Looking back on a very useful, educational and inspiring Hygiene Forum 2017, one main conclusion comes to mind: instead of worrying about being 'too clean' or about the unsubstantiated link between biocide use and antibiotics resistance, we need to start focussing on 'targeted hygiene': hygiene practices applied at the most critical points and at critical times to break the chain of infection.
Dr. John Hines (Deb Group) already referred to this principle after a very interesting look at how hygiene has evolved through the ages: from a matter of life and death and it's development into a true science to a false sense of comfort that has led to an undeserved decrease in focus on hygiene. Prof. dr. Sally Bloomfield (IFH) followed by putting the misnomer 'hygiene hypothesis' in perspective, explaining that the most likely causes of the rise of allergic diseases in early childhood are not increased hygiene or being 'too clean'. This hypothesis is undermining confidence in hygiene at a time where we should instead invest in improving public hygiene and good hygiene practices.
That the general public can improve its hygiene practices was reiterated by prof. dr. Markus Egert (Furtwangen University) whose microbiome analysis of used kitchen sponges indicated how fast a sponge becomes filled with bacteria. While it needs to be determined whether this can be seen as 'friendly' microbial diversity or a dangerous bulk of pathogens, it is recommended to replace sponges at least once a week.
Closing the morning session, prof. dr. Andrew McBain (University of Manchester) and dr. Bernhard Meyer (Ecolab) shared the view that, based on scientific evidence, we needn't worry about a link between the use of biocides and an increase in resistance to antibiotics. We just need to make sure biocides are used at the right time and place, following the proper use procedures indicated on the label – in other words, targeted hygiene.
In the parallel afternoon sessions, discussions continued on hygiene within four specific sectors: home hygiene, healthcare, the agriculture & food industry and institutional cleaning. In each session participants could listen to many other specialists on hygiene and infection prevention and discuss ways to improve hygiene practices in those sectors. From these sessions another shared, key conclusion could be drawn: the importance of the 'people' part in hygiene practices and protocols.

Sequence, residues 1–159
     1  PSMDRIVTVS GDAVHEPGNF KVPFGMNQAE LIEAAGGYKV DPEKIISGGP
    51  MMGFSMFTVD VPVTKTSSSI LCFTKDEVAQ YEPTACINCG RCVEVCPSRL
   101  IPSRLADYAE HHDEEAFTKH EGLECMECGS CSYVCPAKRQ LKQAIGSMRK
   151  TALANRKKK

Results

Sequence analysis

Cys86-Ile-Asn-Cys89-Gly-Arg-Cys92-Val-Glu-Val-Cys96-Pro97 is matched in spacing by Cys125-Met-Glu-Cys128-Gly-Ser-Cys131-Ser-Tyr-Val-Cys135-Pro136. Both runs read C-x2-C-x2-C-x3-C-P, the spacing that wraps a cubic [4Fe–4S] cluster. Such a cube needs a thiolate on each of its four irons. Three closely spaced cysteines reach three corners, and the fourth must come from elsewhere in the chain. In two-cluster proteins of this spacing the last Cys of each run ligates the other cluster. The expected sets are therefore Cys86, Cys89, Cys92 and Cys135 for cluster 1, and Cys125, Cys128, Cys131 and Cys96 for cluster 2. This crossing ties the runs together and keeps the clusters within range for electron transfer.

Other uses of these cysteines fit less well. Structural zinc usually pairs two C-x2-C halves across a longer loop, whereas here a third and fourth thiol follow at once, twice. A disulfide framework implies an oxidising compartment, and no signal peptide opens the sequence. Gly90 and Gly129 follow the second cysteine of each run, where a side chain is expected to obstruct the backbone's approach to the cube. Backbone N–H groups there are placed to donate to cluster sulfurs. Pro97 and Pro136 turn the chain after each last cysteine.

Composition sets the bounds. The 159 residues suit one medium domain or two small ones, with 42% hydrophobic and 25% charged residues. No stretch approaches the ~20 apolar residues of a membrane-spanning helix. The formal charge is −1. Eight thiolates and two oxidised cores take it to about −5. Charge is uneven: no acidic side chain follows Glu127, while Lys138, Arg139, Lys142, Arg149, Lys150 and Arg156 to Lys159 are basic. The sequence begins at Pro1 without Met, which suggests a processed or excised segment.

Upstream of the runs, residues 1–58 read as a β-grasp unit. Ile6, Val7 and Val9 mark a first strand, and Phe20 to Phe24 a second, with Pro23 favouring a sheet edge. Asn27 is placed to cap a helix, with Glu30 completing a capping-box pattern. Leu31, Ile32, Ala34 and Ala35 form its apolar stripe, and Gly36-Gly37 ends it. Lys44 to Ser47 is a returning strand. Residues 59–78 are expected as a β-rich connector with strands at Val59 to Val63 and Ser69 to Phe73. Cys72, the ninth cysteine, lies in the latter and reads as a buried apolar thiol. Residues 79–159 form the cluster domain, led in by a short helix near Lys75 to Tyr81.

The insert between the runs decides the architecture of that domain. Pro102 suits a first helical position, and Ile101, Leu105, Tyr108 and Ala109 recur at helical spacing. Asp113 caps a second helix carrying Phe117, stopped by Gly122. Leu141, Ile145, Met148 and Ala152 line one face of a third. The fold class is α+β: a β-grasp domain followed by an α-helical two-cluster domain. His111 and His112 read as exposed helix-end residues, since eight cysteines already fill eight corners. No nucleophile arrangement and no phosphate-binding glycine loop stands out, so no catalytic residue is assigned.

Resolving public misunderstandings about our microbial world starts with educating our children on hygiene and infection. Hygiene protocols in healthcare and institutional cleaning are often very strong and thorough, but they need the commitment from all staff-members – which experience shows is often lacking. And although the food industry in the Netherlands is well-known for its high hygiene standards, experience with low milk prices has shown that farmers under financial pressure run the risk of no longer being able to maintain those high standards.
In short, the initial goal of the Hygiene Forum in bringing together specialists and stakeholders to discuss hygiene has succeeded. It has shown that industry, scientists and authorities can learn a lot from each other.
For this reason, the Hygiene Forum will continue in future. To provide a platform where industry, scientists, authorities and NGOs meet to exchange ideas and to inspire collaboration in finding solutions to a common issue: the need to put hygiene back on the map again.